Sony Music’s celebration of Philadelphia International Records’ 50th anniversary has so far encompassed a new, vinyl-only series of hits collections as well as the first two releases in the ongoing complete albums series of CD box sets from the U.K.’s Snapper/United Souls label. Now, a major component of the golden anniversary celebration for the house that Kenny Gamble and Leon Huff built has been announced by the Vinyl Me, Please record club.
VMP Anthology: The Story of Philadelphia International Records is the latest in VMP’s deluxe series of box sets celebrating artists and labels. In the latter category, PIR follows Motown, Blue Note, Stax, Ghostly International, Metal Blade, and most recently, Vanguard. This eight-album box features the following LPs, all lacquered and AAA-mastered directly from the original tapes and cut, plated, and pressed on 180-gram color vinyl at RTI:
- The O’Jays – Back Stabbers (Philadelphia International KZ 31712, 1972)
- Billy Paul – 360 Degrees of Billy Paul (Philadelphia International KZ 31793, 1972)
- MFSB – Love is the Message (Philadelphia International KZ 32707, 1973)
- The Three Degrees – The Three Degrees (Philadelphia International KZ 32406, 1973)
- Harold Melvin & The Blue Notes – Wake Up Everybody (Philadelphia International PZ 33808, 1975)
- Dexter Wansel – Life on Mars (Philadelphia International PZ 34079, 1976)
- The Philadelphia International All Stars – Let’s Clean Up the Ghetto (Philadelphia International JZ 34659, 1977)
- Leon Huff – Here to Create Music (Philadelphia International NJZ 36758, 1980)
This survey of the first decade of Philadelphia International includes some of the label’s most seminal releases from its most significant artists. The first four titles, all from 1972-1973, are among the crucial building blocks of the Philadelphia Sound, recorded at Joe Tarsia’s Sigma Sound Studios with productions and songs by Gamble and Huff; arrangements by the esteemed likes of Thom Bell, Bobby Martin, Norman Harris, Lenny Pakula, and Vince Montana; and accompaniment from the original line-up of MFSB (with all of the above-named gentlemen as well as Bobby Eli, Ronnie Baker, T.J. Tindall, Roland Chambers, Karl Chambers, Earl Young, Larry Washington, Zach Zachary, and others) and Don Renaldo’s Horns and Strings.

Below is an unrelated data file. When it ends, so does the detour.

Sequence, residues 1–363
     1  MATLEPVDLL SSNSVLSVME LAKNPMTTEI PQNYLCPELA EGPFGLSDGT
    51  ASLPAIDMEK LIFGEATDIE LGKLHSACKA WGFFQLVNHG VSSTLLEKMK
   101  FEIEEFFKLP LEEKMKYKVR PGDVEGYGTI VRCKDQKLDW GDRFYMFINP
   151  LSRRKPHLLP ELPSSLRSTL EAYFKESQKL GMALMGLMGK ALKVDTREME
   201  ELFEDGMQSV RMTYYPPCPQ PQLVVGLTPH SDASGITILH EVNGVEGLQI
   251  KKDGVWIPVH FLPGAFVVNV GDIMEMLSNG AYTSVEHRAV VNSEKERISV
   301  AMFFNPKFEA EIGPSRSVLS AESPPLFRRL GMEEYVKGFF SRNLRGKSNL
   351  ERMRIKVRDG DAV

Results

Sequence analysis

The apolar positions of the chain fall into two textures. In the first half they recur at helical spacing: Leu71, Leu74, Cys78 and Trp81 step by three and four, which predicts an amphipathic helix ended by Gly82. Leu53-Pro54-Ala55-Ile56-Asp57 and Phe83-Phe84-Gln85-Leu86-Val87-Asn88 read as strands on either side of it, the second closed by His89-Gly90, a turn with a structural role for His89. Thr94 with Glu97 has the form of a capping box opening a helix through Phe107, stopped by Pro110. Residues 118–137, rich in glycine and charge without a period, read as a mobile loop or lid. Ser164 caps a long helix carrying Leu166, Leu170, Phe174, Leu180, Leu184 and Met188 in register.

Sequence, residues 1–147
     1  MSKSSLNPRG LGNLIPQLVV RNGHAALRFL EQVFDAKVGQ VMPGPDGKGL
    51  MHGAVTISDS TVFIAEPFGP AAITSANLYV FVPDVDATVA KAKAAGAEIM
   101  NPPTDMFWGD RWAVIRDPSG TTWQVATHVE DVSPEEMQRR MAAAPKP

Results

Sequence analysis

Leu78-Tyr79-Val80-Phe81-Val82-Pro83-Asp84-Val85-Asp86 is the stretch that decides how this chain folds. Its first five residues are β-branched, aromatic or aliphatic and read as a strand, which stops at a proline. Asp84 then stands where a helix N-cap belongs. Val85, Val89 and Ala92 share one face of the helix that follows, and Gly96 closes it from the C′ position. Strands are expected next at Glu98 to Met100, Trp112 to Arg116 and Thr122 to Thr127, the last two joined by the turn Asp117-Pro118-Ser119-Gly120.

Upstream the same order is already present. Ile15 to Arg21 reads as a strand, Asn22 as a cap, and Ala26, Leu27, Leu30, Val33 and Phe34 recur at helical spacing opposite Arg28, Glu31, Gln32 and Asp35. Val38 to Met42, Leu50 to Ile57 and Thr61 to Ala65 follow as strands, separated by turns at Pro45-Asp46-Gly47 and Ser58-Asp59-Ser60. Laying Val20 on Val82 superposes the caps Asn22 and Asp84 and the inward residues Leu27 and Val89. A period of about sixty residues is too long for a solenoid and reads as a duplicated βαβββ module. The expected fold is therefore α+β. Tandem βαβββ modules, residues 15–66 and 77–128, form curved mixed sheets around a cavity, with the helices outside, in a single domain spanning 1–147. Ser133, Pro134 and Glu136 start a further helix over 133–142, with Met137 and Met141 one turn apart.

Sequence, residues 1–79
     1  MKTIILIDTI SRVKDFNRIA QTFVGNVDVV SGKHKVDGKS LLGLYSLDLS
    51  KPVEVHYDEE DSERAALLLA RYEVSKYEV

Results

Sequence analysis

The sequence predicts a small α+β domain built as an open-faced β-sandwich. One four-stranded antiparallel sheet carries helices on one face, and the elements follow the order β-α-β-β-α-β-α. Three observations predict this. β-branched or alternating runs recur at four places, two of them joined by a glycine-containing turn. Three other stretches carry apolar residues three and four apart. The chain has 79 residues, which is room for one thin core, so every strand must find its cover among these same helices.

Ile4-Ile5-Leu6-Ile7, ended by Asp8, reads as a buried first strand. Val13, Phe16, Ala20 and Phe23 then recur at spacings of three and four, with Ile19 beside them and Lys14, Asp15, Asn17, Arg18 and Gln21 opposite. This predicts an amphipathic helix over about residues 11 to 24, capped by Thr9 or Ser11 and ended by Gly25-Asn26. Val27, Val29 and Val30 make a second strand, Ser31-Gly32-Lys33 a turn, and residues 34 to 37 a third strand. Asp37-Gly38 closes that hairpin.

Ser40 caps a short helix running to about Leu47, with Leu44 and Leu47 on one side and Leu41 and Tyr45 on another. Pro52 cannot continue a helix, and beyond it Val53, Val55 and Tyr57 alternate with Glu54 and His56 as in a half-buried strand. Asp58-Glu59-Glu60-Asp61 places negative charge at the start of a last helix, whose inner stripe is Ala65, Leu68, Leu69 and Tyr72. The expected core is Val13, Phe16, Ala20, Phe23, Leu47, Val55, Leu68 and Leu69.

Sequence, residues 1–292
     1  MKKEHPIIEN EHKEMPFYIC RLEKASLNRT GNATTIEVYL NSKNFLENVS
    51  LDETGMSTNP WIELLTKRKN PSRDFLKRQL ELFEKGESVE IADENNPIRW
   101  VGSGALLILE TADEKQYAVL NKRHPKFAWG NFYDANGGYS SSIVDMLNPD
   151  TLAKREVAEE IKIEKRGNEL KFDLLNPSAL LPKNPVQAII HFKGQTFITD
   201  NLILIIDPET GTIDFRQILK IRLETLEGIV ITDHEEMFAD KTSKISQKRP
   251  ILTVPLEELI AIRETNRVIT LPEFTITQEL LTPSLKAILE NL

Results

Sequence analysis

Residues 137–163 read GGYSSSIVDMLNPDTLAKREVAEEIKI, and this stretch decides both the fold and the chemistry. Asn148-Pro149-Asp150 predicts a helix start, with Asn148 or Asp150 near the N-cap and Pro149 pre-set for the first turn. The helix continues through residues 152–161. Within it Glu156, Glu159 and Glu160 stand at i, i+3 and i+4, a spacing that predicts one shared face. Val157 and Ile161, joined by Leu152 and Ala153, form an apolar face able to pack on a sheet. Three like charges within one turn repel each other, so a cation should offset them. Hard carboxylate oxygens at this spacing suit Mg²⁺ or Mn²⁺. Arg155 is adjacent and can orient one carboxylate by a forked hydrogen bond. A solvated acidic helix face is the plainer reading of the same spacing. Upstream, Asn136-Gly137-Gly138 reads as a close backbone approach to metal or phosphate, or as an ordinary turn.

The poignant and powerful Wake Up Everybody was Philly soul at its zenith, introducing Gene McFadden, John Whitehead, and Victor Carstarphen’s stunning title track as well as the future disco hit for Thelma Houston, “Don’t Leave Me This Way.” Harris, Martin, and Ronnie Baker provided the sizzling, sweeping charts. The album was Teddy Pendergrass’ swansong with Harold Melvin and The Blue Notes before he embarked on his own solo career. It was also one of the final triumphs of MFSB Mk. I before many of the members joined Vince Montana to create The Salsoul Orchestra.
Equally deserving of attention are the final three records in the box. Dexter Wansel was one of the brightest lights of PIR’s Mk. II period, releasing four criminally underrated LPs on the label. His work as an artist, songwriter, arranger and producer as epitomized on his 1975 debut Life on Mars pushed the envelope of Philly soul, bringing in elements of jazz fusion and even progressive rock. Let’s Clean Up the Ghetto welcomed most of the label’s bright lights – including Lou Rawls, Pendergrass, The Intruders, Dee Dee Sharp Gamble, The O’Jays, Billy Paul, Archie Bell and The Drells, The Three Degrees, and Harold Melvin and The Blue Notes – for a compilation of socially-conscious anthems. 1980’s Here to Create Music, the final album in the box, was the first solo album by the label co-founder. It was produced, arranged, and composed by Huff who was joined on arrangements by John Usry and Jack Faith. Stevie Wonder even dropped by for a guest appearance on this very personal statement from piano man Huff.
The first edition of VMP’s Anthology is limited to 1,000 pressings and is joined by a 26-page Listening Notes and photo booklet written by Niela Orr. The Anthology’s release is accompanied by a four-episode podcast guide to each album featuring interviews with Kenny Gamble, Leon Huff, The Three Degrees’ Valerie Holiday, and others.
VMP has also announced that Teddy Pendergrass’ 1977 album Life Is a Song Worth Singing, featuring Thom Bell and Linda Creed’s epic title track, will be the Classics Record of the Month for October. Sign-ups for this Record of the Month open on September 23.
“It’s a true honor to be able to champion Philadelphia International, and to give their music the VMP Anthology treatment,” states VMP’s Head of Editorial Amileah Sutliff. “PIR is a groundbreaking powerhouse of a label whose impact — both directly and indirectly — can be seen and heard prominently in music and culture to this day, 50 years later. With eight incredible albums that illustrate the label’s vast contributions to soul throughout the ’70s, listeners get to go deep on a catalogue that single-handedly established the Sounds of Philadelphia.”
VMP Anthology: The Story of Philadelphia International Records is available for pre-order now directly from Vinyl Me, Please. Orders are expected to ship in late November.